Weaned and Moulted 3 week old barrel like pup.

Seals link the ocean to the land. They bring an early warning of invisible changes taking place at sea. As top predators, seals keep the marine ecosystem in balance and are our global tourist attraction species increasing prosperity by diversifying coastal economies. 

So, we need seals to thrive, but seals need us too. The grey patterned coat of seal pup, is unique like our fingerprint. It is a marker for each individual seal for life. Over 20 years, the Cornwall Seal Group Research Trust (CSGRT) has recruited hundreds of volunteers into 25+ community hubs.

Land survey underway thanks to the help of volunteers.

These volunteers can recognise the fur patterns of seals on their patch. CSGRT’s network has shown that seals from Devon, Cornwall , Somerset and Dorset (the footprint of the SWCP) move across national borders. Seals from the south west have swum to the Isle of Man, Wales, Ireland, France, Belgium and Holland. No-one knew south west seals were so well travelled! In 20 years, the CSGRT have done 35,000+ surveys, processed more than one million photos resulting in 72,000+ seal identifications. We have built up individual seal life histories. Seals we first met in 2000 have been re-identified in 2020. Our evidence is shared globally to shape planning, policy and legislation to protect our oceans for seals and people.

Rangers Katy and Marion at a beach event.

Every seal counts, but so does every person. Last year at more than 159 events, our marine rangers connected with over 12,000 people visiting our amazing pop-up mobile marine centre exhibition. We want to inspire everyone with our ocean optimist messages. Rangers share ideas about the daily actions we can all take at home, work and play to make the oceans cleaner and healthier. We must keep this momentum going to give seals a voice, so we can all share our seas successfully. You can join in our citizen science project, by telling us about the seals you see around the Coast Path. Send the date, location and number of seals in the sea/on land to sightings@cornwallsealgroup.co.uk – photos are a bonus!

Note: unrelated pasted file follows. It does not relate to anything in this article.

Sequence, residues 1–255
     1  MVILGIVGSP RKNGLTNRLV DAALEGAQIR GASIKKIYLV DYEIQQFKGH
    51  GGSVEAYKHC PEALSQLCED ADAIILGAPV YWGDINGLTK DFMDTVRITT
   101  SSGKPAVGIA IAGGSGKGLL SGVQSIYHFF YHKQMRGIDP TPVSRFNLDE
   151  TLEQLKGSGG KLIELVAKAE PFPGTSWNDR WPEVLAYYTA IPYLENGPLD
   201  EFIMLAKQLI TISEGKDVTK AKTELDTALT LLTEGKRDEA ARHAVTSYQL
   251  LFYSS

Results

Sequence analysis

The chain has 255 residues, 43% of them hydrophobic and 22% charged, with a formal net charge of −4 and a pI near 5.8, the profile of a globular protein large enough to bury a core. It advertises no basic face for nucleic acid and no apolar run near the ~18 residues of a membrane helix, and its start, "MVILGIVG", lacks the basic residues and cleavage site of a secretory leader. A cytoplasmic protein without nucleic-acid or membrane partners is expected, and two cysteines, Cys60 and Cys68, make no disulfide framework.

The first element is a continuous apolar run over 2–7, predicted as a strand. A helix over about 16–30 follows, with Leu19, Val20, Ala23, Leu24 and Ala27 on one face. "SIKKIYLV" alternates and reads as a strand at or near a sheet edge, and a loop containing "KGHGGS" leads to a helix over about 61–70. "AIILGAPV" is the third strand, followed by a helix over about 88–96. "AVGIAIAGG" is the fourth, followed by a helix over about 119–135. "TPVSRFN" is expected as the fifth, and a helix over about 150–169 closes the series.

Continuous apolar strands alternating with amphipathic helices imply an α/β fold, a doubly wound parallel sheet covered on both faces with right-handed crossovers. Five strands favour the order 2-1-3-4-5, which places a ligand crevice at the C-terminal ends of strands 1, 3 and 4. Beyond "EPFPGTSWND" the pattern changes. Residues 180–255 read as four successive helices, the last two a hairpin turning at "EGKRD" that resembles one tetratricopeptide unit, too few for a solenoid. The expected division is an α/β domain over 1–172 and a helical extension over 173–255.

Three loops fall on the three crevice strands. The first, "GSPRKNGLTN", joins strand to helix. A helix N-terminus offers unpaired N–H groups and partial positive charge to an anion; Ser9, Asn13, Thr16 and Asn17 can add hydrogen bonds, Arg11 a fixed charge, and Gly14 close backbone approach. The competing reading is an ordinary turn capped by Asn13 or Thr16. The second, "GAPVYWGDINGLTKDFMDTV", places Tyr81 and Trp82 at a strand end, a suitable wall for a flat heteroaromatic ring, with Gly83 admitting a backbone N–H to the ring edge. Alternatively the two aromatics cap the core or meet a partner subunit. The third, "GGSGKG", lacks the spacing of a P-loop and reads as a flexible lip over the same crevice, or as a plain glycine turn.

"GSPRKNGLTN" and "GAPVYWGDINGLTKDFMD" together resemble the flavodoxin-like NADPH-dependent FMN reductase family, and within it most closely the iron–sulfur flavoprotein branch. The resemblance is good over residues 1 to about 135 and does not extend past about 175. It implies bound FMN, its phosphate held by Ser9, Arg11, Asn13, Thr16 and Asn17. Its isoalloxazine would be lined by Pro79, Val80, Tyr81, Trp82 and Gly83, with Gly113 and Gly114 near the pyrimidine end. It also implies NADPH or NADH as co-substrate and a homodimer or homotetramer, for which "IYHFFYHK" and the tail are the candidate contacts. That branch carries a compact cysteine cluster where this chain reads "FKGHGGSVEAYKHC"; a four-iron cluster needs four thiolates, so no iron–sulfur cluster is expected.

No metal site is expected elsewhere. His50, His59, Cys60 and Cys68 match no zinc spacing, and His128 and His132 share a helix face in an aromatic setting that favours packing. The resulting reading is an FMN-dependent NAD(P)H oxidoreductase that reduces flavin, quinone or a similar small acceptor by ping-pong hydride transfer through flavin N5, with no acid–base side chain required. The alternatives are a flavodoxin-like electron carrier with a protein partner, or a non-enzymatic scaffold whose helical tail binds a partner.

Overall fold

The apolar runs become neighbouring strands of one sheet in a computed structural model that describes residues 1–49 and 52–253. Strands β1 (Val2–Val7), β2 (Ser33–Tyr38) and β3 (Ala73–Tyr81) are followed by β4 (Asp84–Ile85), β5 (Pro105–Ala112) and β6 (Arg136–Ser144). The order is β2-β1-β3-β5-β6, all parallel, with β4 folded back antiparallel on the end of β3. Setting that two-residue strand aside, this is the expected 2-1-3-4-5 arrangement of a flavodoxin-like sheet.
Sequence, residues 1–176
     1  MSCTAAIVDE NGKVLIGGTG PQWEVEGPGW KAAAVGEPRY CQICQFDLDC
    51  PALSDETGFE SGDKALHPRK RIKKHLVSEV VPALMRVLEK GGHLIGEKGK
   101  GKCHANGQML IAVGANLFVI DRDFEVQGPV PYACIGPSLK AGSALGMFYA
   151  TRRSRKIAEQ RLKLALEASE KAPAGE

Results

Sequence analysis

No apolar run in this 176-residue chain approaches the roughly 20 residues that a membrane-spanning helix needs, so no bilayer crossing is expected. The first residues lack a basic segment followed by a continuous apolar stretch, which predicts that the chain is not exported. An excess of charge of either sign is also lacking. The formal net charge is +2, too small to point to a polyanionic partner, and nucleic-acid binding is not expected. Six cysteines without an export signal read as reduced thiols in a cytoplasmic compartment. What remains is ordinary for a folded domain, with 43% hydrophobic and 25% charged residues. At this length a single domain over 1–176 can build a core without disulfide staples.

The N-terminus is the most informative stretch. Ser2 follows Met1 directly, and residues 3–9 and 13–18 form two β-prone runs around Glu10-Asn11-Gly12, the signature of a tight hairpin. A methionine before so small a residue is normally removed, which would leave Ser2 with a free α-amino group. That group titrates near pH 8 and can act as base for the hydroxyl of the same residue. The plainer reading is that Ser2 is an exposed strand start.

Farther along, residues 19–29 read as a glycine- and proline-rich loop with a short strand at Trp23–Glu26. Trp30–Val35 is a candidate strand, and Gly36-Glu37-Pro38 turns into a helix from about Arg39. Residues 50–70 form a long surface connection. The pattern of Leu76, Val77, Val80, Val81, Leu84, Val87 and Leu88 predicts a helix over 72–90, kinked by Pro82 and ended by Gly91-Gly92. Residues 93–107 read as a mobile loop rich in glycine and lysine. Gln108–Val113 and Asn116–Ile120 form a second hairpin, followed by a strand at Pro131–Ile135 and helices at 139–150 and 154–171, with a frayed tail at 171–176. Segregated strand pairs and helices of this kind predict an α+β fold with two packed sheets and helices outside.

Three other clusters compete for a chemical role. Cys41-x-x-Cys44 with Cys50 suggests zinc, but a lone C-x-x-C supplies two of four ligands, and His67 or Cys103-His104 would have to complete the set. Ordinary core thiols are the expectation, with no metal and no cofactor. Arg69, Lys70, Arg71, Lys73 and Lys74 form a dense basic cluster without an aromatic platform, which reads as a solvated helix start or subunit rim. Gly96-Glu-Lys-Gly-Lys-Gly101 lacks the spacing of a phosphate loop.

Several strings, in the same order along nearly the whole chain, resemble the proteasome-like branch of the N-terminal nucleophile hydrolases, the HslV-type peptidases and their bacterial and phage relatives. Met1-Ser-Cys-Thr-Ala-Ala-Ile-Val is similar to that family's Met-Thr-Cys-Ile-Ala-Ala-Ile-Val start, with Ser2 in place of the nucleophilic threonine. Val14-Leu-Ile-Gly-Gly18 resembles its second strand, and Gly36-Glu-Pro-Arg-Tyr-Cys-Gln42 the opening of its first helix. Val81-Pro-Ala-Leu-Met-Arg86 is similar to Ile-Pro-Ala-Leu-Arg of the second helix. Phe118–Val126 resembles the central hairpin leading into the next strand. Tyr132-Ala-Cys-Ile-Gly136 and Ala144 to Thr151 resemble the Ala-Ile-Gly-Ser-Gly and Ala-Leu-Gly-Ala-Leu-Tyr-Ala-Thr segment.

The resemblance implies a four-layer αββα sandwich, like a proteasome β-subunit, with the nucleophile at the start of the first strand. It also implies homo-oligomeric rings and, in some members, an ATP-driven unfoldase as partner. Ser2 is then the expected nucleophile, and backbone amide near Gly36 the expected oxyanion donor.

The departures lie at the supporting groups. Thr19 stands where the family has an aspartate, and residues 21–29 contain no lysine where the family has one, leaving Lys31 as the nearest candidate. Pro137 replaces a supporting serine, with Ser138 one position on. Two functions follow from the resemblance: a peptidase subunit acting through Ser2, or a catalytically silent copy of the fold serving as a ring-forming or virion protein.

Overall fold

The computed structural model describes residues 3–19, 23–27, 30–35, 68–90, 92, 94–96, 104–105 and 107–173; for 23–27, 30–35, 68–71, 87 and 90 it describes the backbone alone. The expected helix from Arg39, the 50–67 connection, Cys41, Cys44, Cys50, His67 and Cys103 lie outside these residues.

Top tips to help protect seals

Do keep

  • Dogs under control on leads
  • Quiet (so seals can’t hear you)
  • Out of sight (so seals can’t see you)
  • Downwind (so seals can’t smell you)
  • Well away: Use your camera zoom, binoculars or telescope
  • Litter – take it home


  • Get close – aim to stay at least 100m away
  • Fly drones near seals
  • Feed a wild seal
  • Scare seals into the sea
  • Copy the bad behaviour of others
  • Take a seal selfie

About the author

Sue Sayer Founder and Director of Cornwall Seal Group Research Trust

Sue Sayer is an internationally renowned researcher and author. Over 20 years, she has spent thousands of hours observing seals in the wild from land and at sea in Cornwall. To Sue, there is no such thing as an average seal. Each one looks different, has a unique personality, range of habits and migration route around the Celtic Sea. Sue founded Cornwall Seal Group Research Trust – a multi award winning, evidence-based conservation charity passionately protecting Cornwall’s precious marine species and their environment for future generations to enjoy.

Leave a Reply

Fill in your details below or click an icon to log in:

WordPress.com Logo

You are commenting using your WordPress.com account. Log Out /  Change )

Facebook photo

You are commenting using your Facebook account. Log Out /  Change )

Connecting to %s

%d bloggers like this: